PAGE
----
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virum rerum novarum cupidum secutura : et fere, si quid in ætate nostra eximium gignatur, non nobis sed posteritati nostræ potius erit commodo. Qui enim propheta unquam ab æqualibus auditus est ? Num Cassandræ apud Homerum Trojanæ, num Judæis illis prophetis credebatur? Haud secus Socrates, quasi Sisyphæo labore intentus, nihil in vità sua pro fide patriâ perfecisse ipse sibi videretur. Cogitationes illas humanis pænè altiores, sublimem illum Divini Numinis amorem, amici cum viro moribundo simul emori putaverunt. Immo tamen plurimos ad bona indaganda exciverat, et quanquam, duci ipsi veritate non satis apertâ, discipuli quoque erroris aliquantulum rectis commiscebant, amor tamen virtutis, qui a Socrate primo emanârat, nunquam in Græciâ usque ad Christi tempus funditus periit. Oculis amicorum subtractus Deo vixit Socrates : idem verbis extremis, quæ coram judicibus et coram amicis edidit, clarissime testatus Deos patrios haud contemnere, et simul Divinum aliquid, cæteris hominibus ignotum, in suo pectore per vitam fovisse. Moribundus enim amicum 18 Critonem allocutus, “mi Crito," inquit,“ Æsculapio debemus gallum; quod debitum ne,

, precor, neglexeris.” Judicioque discessurus injustam illam condemnavit pænam sinceramque religionem in lucem protulit 19 his dictis, “Tempus est jam hinc abire, me, ut moriar; vos, ut vitam agatis. Utrum autem sit melius, omnibus incertum nisi Numini."

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18 Platonis Crito, 118. 19 Platonis Apologia, 33.


An Essay




“Do you hear? let them be well-used: for they are the abstract and brief chronicles of the time.

To show virtue her own feature, scorn her own image, and the very age and body of the time his form and pressure."-SHAKSPERE, HAMLET.

SOME seventy or eighty years ago a man desirous of satirizing or commending the manners of his time, would have received but one piece of advice. “Write a play,” Johnson would have said, “and you are a made man at once"; 56 write a play,” Garrick would have echoed," and I'll carry it through.” And the play having been written, the public, great in theatrical matters, would have hissed it off the stage or made the author a happy man, at the close of the first act. But since that day theatres have well nigh given up all connection with the drama, and the public has learnt to seek amusement rather by the quiet fireside than before glaring footlights. And this change, tending perhaps to a better appreciation of some of our noblest works of genius, since we would rather think of Shakspere's plays as great poems, than as mere vehicles for scenery and decorations, has also given a wonderful impetus to novel-writing and novelreading

Novels have become, as one of their most voluminous authors tells us, a necessity of the time.” We watch for their appearance, talk about them, and criticize them, as such necessities. They are advertised in the columns of our newspapers, they flutter their leaves about us in railway carriages, another necessity of the time, they are on our tables, on our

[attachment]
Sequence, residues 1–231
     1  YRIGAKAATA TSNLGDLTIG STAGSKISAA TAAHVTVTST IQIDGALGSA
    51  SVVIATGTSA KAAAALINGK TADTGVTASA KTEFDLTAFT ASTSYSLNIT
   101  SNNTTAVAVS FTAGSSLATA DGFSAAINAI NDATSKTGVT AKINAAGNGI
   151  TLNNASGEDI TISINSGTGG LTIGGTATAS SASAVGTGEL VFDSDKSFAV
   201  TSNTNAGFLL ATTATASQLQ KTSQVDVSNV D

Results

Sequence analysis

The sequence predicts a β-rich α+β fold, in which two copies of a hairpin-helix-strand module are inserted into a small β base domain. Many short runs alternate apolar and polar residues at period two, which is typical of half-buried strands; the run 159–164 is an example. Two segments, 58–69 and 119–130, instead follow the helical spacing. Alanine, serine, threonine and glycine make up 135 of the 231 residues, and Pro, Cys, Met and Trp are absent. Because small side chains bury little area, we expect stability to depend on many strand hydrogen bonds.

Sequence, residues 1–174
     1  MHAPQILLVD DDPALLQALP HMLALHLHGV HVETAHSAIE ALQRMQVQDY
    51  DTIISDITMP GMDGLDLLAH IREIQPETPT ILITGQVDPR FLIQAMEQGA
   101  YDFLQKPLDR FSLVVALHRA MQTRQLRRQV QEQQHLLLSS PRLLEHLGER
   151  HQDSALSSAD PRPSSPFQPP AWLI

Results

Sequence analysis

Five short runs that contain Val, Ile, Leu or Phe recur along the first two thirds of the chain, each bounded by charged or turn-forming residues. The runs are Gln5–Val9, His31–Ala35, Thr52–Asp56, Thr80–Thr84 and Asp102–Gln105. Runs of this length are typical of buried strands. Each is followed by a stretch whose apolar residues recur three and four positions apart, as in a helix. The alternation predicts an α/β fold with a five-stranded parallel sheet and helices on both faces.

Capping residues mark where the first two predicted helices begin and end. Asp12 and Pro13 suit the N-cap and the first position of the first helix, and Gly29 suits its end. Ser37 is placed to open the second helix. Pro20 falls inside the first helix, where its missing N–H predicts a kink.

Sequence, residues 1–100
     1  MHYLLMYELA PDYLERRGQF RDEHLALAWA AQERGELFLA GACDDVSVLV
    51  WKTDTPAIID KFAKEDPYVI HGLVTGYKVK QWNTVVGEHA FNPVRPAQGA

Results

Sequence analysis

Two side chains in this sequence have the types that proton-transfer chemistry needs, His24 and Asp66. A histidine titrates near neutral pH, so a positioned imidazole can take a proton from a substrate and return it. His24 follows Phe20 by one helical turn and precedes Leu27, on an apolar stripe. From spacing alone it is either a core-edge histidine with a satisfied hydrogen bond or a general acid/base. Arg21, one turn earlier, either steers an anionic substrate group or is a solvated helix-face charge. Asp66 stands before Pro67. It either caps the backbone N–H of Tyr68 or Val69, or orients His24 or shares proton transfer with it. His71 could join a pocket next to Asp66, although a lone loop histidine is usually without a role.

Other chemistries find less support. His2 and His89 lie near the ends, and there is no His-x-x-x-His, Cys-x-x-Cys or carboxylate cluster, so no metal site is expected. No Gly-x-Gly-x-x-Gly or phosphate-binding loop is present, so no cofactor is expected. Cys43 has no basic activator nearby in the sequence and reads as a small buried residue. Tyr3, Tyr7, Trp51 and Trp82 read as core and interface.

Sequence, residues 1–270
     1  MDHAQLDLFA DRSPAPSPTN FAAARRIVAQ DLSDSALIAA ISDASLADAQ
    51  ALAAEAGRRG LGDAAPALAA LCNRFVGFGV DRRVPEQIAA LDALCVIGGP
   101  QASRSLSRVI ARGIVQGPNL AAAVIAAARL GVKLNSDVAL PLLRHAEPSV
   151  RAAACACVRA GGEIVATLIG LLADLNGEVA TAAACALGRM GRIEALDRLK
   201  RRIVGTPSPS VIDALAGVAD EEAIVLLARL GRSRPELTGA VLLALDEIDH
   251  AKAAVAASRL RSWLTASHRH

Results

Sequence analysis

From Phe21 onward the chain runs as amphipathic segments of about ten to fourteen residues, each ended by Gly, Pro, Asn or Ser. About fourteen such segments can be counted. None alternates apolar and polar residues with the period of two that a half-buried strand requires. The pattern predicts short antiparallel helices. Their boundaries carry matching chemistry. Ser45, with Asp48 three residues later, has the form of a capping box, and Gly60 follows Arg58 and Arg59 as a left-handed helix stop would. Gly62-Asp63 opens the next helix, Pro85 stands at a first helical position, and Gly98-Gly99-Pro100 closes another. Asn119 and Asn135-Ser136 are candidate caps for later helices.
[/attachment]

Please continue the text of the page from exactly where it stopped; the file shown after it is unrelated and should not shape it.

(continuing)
shelves, and in our hands. They are so numerous and so various in their kinds, that it is very hard to say what a novel is, or in what definition we can include its manifold varieties. Not long ago it would have been easy to describe a novel as a tale, containing the adventures of some very remarkable man, who, being the hero, encounters perils of every shape and kind, but, as he is absolutely incapable of committing a single fault, at length succeeds in overcoming all obstacles and marrying the heroine, whom he rescued from fire or banditti in the first volume, and from drowning in the second. But now we have novels put into our hands, which profess to have no hero at all, or we are told not to expect a love-story,

because there is no heroine for any one to marry. Then again if we affirm that a novel is any story written solely for amusement, we have merely to glance over Mudie's catalogue and we find ourselves wrong again. For we meet with lists of books which might be called almost educational, and yet profess to be novels, books written to condemn or uphold certain theories, or to spread various opinions, religious, moral, and social, and all coming under the head of novels. There are books written by benevolent ladies, to inculcate this or that virtue, and warn from this or that vice.

There are historical novels, full of stirring scenes of camp and field, or pourtraying the lives of great statesmen and great generals. There are political novels, in which the battles of the House of Commons are fought over again, by eloquent orators over a bottle of port. There are military novels, in which brokenhearted lovers ride to a welcome death at the head of a regiment of light dragoons; and naval novels, in which all the midshipmen are embryo Nelsons; and religious novels, written to uphold the principles of various parties in the Church, or out of it. And there are novels too, which seem to have no object whatever, or if their object was to amuse, signally fail, being neither merry, tragical, interesting, or brief.

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